My commitment to the way of peace, has been inspired and sustained  by the teachings of Jesus in the Gospel,  by Mahatma Ghandi’s satyagrah and the writing of Dom Helder Camara.


            I firmly believe that the way of peace is the only to stope the spiral of violence. It is the humane way to transform society.



II. Synthesis/Deepening


 It is clear from our sharing that our commitment to peace did not develop overnight. There is a story behind every commitment. It is like a journey, with its twists and turns.


There is a pattern in our stories. We all started with an awareness of the reality of poverty, injustice, oppression,  the division, etc. in our society. We felt we had to do something about it – we wanted to change society. The basic question that confronted us: how do we transform our society?


Many probably started with a pacifist stance. Others already thought that bloody revolution would be necessary.


The Martial Law, led many of us to a position that the only viable means for changing society was through the barrel of the gun – through armed struggle. But others continued to believe that a peaceful, non-violent means was still possible.


The EDSA I has shown many of us that they way of peace is feasible and effective.

The effects of the spiral of violence has made us aware of the senselessness and futility of violence as a means for changing society.


Our commitment to the way of peace is not just based on our repugnance to violence and its effects on us and our people.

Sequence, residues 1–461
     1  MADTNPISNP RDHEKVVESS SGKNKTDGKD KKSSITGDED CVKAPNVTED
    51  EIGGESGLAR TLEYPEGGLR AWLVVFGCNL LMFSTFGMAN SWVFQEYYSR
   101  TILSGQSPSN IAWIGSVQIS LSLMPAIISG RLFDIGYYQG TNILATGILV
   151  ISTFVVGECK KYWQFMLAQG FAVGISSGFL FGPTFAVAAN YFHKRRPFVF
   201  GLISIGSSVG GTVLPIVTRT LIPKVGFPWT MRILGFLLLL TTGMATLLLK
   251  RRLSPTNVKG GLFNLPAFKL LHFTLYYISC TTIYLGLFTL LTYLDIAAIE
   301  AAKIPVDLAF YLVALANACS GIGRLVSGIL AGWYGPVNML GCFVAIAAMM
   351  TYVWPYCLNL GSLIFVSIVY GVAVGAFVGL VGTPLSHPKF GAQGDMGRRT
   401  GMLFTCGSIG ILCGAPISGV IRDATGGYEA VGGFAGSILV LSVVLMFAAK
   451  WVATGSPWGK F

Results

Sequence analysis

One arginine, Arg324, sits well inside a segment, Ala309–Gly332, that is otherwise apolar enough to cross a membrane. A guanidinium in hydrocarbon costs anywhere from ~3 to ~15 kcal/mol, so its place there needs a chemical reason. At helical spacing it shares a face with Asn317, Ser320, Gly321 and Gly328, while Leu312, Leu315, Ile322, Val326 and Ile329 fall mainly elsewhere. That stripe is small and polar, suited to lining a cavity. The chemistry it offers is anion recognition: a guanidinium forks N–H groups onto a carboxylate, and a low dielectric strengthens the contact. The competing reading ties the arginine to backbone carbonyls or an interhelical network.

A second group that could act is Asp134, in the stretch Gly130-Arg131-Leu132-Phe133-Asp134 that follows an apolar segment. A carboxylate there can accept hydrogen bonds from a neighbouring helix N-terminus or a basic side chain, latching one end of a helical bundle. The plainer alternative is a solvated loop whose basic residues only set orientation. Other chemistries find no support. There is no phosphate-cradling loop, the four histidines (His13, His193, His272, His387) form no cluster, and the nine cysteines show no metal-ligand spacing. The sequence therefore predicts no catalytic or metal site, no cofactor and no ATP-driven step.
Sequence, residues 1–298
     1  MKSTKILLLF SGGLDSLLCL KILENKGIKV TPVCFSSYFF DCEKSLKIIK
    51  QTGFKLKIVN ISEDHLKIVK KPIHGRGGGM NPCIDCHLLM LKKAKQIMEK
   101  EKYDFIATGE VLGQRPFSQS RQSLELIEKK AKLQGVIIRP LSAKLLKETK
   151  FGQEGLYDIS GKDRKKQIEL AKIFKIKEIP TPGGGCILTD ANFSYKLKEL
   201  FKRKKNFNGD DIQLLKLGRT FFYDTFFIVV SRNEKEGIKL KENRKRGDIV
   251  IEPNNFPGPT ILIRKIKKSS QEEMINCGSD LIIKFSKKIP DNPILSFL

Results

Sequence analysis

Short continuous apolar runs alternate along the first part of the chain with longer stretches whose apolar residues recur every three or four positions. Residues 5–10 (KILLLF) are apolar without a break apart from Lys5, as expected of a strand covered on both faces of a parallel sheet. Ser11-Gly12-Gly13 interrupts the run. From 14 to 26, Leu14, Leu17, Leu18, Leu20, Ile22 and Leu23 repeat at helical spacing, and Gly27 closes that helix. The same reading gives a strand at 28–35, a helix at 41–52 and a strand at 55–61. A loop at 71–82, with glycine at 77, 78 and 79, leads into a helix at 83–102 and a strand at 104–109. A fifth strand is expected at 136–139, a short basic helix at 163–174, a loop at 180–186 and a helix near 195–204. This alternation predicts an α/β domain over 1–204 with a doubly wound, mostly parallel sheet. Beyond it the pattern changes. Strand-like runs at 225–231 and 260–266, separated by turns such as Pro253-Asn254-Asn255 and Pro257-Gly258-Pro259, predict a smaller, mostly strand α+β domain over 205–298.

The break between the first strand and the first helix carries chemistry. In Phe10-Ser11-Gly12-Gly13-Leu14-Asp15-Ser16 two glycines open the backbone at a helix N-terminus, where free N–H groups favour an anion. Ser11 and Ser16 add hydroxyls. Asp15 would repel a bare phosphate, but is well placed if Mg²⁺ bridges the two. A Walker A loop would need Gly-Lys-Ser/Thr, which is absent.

It is also based on the moral and spiritual imperatives of our faith (whether Christian or Islam).


For us Christians, we opt for the way of peace because it is the way of Jesus – it is the way the cross, the way which as disciples we are called to follow. Let us listen to the Beatitudes (read the gospel).


The Gospel teaches us to love everyone including our enemies, to do good even when we experience evil and to be compassionate. We are taught not to harbor hatred for others nor to  be vindictive. We are called to offer our life in self-sacrifice but not take life. To die for others but not to kill.


This is the only way to overcome evil. This is the only way to stop the spiral of violence.


Thus, we follow Jesus who said: Blessed are the Peace-Makers.


Peace be with you! This is how Jesus addressess his disciples.

We need to experience this peace within ourselves. To experience healing within our selves. To rid ourselves of anger, hatred, and other violent thoughts.


Peace be with you! This is how we Christians address others even those who harbor anger and resentment against us.


Peace is not just the absence of war, it is not just the absence of armed conflict – although it presupposes it. Peace is above all the healing of relationships, of dialogue. It is also development – total human development. As Paul VI tell us: development is the new name of peace.